Comedy Store Players Celebrate 25 Years of Improv

 Mike Myers taught them what they know. Eddie Izzard has sparred among their ranks. And after twenty-five years, London’s Comedy Store Players are still making audiences chuckle with their surrealist brand of improv comedy. This past Sunday, the Players celebrated their 25th anniversary with a special show and party that honored all of the comedians who have joined them onstage.

Co-founding member Neil Mullarkey (photo right), whom I spoke with last week, calls what the Players do “short form-improv, which are the games you see on Whose Line Is It Anyway?.” Whose Line, of course, is the British TV comedy classic that Drew Carey remade for the U.S. Many of Whose Line‘s cleverest participants – including Richard Vranch, Paul Merton, Steve Steen, and Stephen Frost – have also performed with the Comedy Store Players.

The Players’ act differs from the “long-form” improv made famous by Second City, in which you might see a whole story unfolding over a night’s performance.

“Purist improvisors might find our shows a bit too ‘gaggy”,’” said Mullarkey. “Proper improv would stick more to character and more physical work. We break the fourth wall, stepping outside the scene, because we trust each other, and we know we can come back to the scene or the story when we need to.”

Relying on audience suggestions to create scenarios that the on-stage participants then act out, the Players have kept the same improv games since 1985. During a show, the performers will exhort the crowd to shout out odd jobs, film and theater styles, and emotions. Suggestions might be “pig farmers,” “1920s silent film,” and “lustful,” and the game onstage performers will have to incorporate those ideas into their onstage tomfoolery. I witnessed some of these games during the Players’ British Comedy Invasion show, which came to New York’s Webster Hall last month.

There’s also another game called “Guess the Job,” in which the group takes suggestions on totally bizarre jobs while one performer remains offstage out of earshot. After the Players select one particularly obscure job, the offstage performer returns and must correctly guess the occupation based on clues that his cohorts randomly pepper at him.

In the beginning, Mullarkey says, audiences would shout out things like “police officer” or “accountant.” However, the Players have gotten so good at the clues that they require greater challenges.

“The jobs must now be something like ‘the person who widened the River Thames during the month of February using a badger borrowed from the French accountant who only worked on Valentine’s’,” Mullarkey says.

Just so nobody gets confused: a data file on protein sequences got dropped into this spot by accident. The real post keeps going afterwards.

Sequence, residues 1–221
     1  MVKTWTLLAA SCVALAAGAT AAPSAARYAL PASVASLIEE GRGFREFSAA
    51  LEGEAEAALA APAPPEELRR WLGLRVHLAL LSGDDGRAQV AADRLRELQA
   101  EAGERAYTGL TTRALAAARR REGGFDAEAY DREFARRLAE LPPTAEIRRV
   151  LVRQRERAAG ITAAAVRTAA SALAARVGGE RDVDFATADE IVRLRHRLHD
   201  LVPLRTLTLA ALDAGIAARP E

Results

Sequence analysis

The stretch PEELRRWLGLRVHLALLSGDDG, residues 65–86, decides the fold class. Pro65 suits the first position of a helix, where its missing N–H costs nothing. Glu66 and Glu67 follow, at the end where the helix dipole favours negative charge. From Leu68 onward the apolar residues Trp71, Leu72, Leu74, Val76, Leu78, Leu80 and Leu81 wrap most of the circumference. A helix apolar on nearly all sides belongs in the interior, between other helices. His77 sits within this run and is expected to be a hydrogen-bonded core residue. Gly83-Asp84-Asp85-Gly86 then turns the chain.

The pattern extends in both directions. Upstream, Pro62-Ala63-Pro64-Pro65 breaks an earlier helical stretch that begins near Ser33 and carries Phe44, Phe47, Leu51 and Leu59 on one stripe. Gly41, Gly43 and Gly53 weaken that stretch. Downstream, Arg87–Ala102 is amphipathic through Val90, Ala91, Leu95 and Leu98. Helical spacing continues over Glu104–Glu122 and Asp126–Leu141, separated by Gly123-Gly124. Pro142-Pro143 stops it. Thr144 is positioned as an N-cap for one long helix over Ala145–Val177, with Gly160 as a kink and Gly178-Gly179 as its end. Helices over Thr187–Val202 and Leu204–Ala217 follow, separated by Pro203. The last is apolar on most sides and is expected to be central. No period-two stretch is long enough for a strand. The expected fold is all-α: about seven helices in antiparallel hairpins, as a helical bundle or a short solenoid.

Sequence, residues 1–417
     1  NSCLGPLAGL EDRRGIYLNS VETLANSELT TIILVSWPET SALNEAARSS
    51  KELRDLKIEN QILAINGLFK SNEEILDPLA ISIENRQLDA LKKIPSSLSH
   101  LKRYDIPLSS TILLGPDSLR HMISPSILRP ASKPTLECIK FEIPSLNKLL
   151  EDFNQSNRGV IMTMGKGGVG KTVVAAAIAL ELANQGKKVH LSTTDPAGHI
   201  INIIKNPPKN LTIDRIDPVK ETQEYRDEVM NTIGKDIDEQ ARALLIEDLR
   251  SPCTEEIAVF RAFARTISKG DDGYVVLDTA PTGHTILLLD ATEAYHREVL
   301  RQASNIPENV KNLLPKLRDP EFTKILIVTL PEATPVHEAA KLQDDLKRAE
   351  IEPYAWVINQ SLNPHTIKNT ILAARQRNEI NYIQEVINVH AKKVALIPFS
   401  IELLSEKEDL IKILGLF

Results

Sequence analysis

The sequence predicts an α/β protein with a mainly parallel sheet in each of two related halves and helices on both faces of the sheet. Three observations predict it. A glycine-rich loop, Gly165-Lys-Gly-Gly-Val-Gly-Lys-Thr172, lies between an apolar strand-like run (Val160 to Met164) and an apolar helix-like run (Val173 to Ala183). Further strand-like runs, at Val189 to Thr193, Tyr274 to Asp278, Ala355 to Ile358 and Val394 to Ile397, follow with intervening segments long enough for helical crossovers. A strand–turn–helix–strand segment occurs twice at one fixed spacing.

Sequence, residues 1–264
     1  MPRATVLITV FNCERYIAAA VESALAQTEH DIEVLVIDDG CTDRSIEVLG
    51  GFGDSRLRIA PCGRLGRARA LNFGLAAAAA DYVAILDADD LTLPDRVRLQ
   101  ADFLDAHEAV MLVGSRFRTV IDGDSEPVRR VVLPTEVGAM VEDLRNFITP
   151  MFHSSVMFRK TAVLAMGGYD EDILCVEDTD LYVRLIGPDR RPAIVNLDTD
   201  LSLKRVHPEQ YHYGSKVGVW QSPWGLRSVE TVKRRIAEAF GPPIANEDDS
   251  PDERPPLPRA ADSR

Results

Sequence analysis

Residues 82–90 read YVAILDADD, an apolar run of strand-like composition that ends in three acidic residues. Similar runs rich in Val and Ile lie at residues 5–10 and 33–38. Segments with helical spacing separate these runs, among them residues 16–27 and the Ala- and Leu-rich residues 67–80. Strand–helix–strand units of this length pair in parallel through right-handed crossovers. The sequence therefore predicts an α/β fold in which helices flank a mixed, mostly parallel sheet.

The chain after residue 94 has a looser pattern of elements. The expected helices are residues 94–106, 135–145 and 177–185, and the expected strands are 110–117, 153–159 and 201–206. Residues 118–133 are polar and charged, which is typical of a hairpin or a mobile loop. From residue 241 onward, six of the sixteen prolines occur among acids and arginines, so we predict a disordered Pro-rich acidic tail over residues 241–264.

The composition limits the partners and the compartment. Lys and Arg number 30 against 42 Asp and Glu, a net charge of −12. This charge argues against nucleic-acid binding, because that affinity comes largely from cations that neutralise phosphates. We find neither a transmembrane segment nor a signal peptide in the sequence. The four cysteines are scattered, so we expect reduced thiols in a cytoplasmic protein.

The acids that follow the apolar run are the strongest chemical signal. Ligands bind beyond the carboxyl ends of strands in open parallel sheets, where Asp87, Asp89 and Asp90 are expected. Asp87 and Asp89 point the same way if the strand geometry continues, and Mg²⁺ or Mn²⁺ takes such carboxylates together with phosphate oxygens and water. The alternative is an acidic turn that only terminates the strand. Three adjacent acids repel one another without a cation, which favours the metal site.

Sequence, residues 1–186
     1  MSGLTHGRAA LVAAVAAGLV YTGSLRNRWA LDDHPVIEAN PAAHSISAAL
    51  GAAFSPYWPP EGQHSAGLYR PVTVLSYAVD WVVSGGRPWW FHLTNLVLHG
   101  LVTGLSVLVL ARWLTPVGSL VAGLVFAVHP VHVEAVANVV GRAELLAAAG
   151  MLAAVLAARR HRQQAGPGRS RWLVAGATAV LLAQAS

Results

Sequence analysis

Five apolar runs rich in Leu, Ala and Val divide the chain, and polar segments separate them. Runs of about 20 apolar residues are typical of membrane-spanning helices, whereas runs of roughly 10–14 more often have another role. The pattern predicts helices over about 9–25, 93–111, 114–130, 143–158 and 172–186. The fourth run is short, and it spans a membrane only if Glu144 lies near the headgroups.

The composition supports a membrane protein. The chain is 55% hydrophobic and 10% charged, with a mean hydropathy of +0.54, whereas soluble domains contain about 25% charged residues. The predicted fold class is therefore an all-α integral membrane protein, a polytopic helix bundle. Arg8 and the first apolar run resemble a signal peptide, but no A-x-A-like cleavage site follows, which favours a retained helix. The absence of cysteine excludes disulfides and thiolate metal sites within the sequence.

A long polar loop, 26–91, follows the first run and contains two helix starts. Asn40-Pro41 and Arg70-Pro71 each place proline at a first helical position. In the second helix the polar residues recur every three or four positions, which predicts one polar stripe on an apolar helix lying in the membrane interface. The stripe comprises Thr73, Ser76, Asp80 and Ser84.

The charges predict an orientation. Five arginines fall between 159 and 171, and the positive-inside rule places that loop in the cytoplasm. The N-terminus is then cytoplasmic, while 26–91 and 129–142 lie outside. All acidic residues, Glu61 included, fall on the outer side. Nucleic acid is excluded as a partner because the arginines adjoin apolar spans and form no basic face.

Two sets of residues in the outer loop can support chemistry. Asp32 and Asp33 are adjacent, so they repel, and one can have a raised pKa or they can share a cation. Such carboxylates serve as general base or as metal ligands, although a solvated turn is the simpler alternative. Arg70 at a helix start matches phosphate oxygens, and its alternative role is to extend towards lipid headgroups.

You might think that voracious consumption of news and pop culture would be necessary for improv. But you’d be wrong: the Players avoid covering the topics du jour, like the Chilean miner’s saga.

“For the last couple of weeks, when we’ve asked for a location, someone will say ‘a mine in Chile,’” says Mullarkey. “But we say no because you can’t do much with that because it could look tasteless or it’s ‘Hey guys, we got out of it.’ We tend to only look for things that are more everyday.”

Due to the rigors of the Players’ brand of improv, Mullarkey says they’ve intentionally kept shows at the Comedy Store to two nights a week, Sunday and Wednesday. “With improv, you think, ‘What did I do last night? I can’t do that again.’ Doing an improv show every night is exhausting because you’re having to re-invent the wheel every time. You want to try and keep it fresh, so that’s why you want to try and do other stuff and take some time off. “

And taking time off has required bringing in guest performers like Izzard and Myers. Myers, in particular, is an improv genius, and “the funniest person I’ve ever encountered,” says Mullarkey. Before he was Mr. Saturday Night Live, Wayne’s World, and Austin Powers, Myers helped the group hone their skills. “He’s a real purist,” Mullarkey says. “He taught us how to do it properly, to really commit to character, and even when the scene feels like it’s going nowhere, to stick with it because something great will emerge.”

Mullarkey himself now provides consultation and training to major corporations using improv techniques. “Improv is about listening, it’s about co-creating, it’s about collaborating even with divergent points of view,” he says. “Certainly in terms of being a leader, you’re like an improv director, so you let people create their scene. You may lead them in some direction, you may say ‘A bit more of this, a bit less of that.’ Input a third idea or a third person into a scene. But you have to have a light touch. As a leader, you are not in control but you are in charge.”

With all of their outside projects, will the Players still be performing in 25 years? Mullarkey laughs and quite emphatically says yes. “Certainly, 25 years ago, I wouldn’t have thought I’d still be doing this,” he says, “and I’ve come to conclusion that I love this. I really, really enjoy this. I’m not going to give this up.

“But when I’m getting my old-age pension, will I still be able to do this physically? Will I still want to do it? Yes. Will audiences want to come and see us? Who knows. Doing jokes about Zimmer frames and catheters and false teeth? We shall see.”

How much do you enjoy improv comedy? Do you prefer it to standup?

by Kevin Wicks

Kevin Wicks

Kevin Wicks founded BBCAmerica.com's Anglophenia blog back in 2005 and has been translating British culture for an American audience ever since. While not British himself - he was born and raised in St. Louis, Missouri - he once received inordinate hospitality in London for sharing the name of a dead but beloved EastEnders character. His Anglophilia stems from a high school love of Morrissey, whom he calls his "gateway drug" into British culture.

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